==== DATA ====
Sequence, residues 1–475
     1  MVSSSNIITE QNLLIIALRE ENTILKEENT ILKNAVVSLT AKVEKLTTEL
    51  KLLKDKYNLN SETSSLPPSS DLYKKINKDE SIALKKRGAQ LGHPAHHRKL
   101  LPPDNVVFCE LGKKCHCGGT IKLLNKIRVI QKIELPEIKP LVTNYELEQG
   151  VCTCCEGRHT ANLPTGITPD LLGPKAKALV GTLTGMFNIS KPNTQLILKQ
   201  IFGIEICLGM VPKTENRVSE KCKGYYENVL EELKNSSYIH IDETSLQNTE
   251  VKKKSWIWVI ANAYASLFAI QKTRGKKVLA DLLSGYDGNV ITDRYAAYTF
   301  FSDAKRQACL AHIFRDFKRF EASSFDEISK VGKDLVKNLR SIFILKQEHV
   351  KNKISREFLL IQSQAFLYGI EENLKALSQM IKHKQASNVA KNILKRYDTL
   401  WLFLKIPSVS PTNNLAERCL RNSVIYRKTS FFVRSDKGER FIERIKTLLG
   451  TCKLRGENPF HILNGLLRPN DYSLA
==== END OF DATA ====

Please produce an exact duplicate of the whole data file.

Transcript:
Sequence, residues 1–475
     1  MVSSSNIITE QNLLIIALRE ENTILKEENT ILKNAVVSLT AKVEKLTTEL
    51  KLLKDKYNLN SETSSLPPSS DLYKKINKDE SIALKKRGAQ LGHPAHHRKL
   101  LPPDNVVFCE LGKKCHCGGT IKLLNKIRVI QKIELPEIKP LVTNYELEQG
   151  VCTCCEGRHT ANLPTGITPD LLGPKAKALV GTLTGMFNIS KPNTQLILKQ
   201  IFGIEICLGM VPKTENRVSE KCKGYYENVL EELKNSSYIH IDETSLQNTE
   251  VKKKSWIWVI ANAYASLFAI QKTRGKKVLA DLLSGYDGNV ITDRYAAYTF
   301  FSDAKRQACL AHIFRDFKRF EASSFDEISK VGKDLVKNLR SIFILKQEHV
   351  KNKISREFLL IQSQAFLYGI EENLKALSQM IKHKQASNVA KNILKRYDTL
   401  WLFLKIPSVS PTNNLAERCL RNSVIYRKTS FFVRSDKGER FIERIKTLLG
   451  TCKLRGENPF HILNGLLRPN DYSLA